MALIBU (CBSLA.com) — Atlanta Falcons linebacker Brian Banks, who spent years in prison for a crime he didn’t commit, walked in support of a march on behalf of the California Innocence Project (CIP) on Saturday.READ MORE: Associate Pastor Shot To Death At Compton Intersection
The effort to raise awareness for “The California Twelve” — a dozen people the CIP claims were wrongfully convicted — is expected to conclude on June 20 in Sacramento where attorneys for the project plan to deliver clemency petitions for their clients.
Justin Brooks, an attorney and the director of the CIP, says he and two others are expected to complete the Innocence March.
The walk began in San Diego sixteen days ago.
“There are three of us walking. Us three here who are doing the entire thing but along the way, we’ve been joined by family members of our clients. We’ve been joined by people we’ve got out of prison,” Brooks said.READ MORE: Vigil Held To Honor Life Of Cinematographer Halyna Hutchins Killed In Movie Set Shooting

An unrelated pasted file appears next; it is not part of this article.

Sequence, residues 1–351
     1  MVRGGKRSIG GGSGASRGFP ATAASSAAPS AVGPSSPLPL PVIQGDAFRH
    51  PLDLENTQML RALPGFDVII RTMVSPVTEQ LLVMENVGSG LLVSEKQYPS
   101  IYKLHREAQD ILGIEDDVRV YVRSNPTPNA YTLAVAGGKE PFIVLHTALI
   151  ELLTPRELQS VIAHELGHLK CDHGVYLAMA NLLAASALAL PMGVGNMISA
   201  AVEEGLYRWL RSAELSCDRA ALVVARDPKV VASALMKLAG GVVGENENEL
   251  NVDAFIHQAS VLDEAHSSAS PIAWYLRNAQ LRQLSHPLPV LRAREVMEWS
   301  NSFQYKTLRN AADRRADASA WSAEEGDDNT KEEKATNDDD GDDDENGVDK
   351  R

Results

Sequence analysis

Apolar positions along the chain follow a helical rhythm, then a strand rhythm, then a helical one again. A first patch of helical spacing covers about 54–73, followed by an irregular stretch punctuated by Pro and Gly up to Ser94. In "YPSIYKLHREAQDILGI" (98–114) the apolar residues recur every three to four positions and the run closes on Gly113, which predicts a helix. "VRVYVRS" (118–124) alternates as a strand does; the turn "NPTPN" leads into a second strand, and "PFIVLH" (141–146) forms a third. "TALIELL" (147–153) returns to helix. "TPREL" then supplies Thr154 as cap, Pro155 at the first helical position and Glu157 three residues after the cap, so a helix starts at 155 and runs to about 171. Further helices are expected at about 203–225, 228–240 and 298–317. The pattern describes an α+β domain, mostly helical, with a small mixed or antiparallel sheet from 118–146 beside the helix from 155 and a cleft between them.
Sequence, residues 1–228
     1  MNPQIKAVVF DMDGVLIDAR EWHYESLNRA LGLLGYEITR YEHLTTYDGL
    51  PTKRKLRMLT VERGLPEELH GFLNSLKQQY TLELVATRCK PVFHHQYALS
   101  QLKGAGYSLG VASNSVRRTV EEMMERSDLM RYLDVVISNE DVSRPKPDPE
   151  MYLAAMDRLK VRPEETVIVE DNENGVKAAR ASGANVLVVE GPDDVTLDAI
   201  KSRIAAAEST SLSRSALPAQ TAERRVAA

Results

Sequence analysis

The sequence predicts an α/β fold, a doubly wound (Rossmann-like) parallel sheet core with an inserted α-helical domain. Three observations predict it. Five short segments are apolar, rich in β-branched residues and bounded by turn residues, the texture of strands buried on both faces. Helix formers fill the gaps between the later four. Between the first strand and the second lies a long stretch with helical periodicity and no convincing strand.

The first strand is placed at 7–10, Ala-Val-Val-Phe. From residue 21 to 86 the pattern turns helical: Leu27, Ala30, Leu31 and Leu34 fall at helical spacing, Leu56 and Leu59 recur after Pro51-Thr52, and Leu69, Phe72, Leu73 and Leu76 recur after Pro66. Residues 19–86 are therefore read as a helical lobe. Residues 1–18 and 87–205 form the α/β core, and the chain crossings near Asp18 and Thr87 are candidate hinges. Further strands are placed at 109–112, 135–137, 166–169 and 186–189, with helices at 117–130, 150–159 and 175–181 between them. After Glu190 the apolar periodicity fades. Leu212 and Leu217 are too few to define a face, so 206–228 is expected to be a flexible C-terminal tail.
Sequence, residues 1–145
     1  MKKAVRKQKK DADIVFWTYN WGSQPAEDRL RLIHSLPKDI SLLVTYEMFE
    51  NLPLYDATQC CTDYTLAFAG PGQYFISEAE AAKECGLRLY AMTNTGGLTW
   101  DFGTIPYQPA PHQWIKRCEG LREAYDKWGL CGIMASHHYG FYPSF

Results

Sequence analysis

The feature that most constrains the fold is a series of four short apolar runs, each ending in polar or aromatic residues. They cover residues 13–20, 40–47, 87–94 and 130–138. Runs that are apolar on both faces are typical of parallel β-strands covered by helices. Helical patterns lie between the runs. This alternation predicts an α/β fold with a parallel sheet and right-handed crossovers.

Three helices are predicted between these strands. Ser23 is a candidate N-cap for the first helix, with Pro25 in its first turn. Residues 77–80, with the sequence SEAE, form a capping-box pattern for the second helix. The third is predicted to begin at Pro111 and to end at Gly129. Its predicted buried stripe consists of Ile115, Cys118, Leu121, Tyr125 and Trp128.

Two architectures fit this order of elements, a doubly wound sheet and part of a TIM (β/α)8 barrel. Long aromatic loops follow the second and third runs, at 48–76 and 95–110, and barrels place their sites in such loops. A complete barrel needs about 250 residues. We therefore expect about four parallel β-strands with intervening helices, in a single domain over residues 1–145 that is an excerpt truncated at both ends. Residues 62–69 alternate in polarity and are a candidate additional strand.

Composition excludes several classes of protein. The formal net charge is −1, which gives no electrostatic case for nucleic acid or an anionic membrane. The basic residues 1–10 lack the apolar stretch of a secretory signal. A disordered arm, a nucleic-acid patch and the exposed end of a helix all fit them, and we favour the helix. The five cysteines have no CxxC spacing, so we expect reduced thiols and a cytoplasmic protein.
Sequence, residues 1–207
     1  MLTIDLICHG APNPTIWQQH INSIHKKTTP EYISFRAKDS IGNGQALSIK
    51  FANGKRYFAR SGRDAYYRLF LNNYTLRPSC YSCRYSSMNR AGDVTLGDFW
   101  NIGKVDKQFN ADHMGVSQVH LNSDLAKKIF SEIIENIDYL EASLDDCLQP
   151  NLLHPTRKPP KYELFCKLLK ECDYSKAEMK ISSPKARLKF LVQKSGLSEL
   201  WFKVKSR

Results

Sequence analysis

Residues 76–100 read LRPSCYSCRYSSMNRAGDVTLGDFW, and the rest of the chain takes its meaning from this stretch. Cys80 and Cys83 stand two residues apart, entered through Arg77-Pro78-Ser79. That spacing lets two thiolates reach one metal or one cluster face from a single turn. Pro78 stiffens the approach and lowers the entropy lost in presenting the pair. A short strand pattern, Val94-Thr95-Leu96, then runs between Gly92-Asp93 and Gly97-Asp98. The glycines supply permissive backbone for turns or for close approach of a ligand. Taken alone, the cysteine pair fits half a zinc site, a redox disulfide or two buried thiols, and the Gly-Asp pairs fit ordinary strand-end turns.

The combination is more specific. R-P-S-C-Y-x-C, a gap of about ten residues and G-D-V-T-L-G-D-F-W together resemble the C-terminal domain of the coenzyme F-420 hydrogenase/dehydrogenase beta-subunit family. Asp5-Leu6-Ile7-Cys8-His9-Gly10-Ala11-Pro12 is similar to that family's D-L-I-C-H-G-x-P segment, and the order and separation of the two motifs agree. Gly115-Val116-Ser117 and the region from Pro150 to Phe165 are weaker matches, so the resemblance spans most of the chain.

Accompanied by his mother and sister, Banks joined the marchers in Malibu.
“The reason I’m here is because there are other Brian Banks’ behind bars with dreams and passions who deserve an opportunity to be able to express those,” Banks said.
For the last decade, Banks’ story made headlines: a high school football star recruited by USC and convicted of rape at the age of 16. He spent five years in prison and five more on house arrest. His conviction was overturned last year.
“He was a boy when it happened but he’s an amazing man now because he never gave up,” Leomia Myers, his mom, said.
Banks recently signed a NFL contract with the Atlanta Falcons.
“I want to utilize my 15 minutes of fame to make as much noise as I can for the California Innocence Project,” he said.MORE NEWS: 'Supercharge' Storm Expected To Bring Heavy Rainfall To Southland
“I’d ask people to go to InnocenceMarch.com to read these stories and then email the governor’s office and get in touch with the governor. Get in touch with your representatives. Get involved,” Brooks said.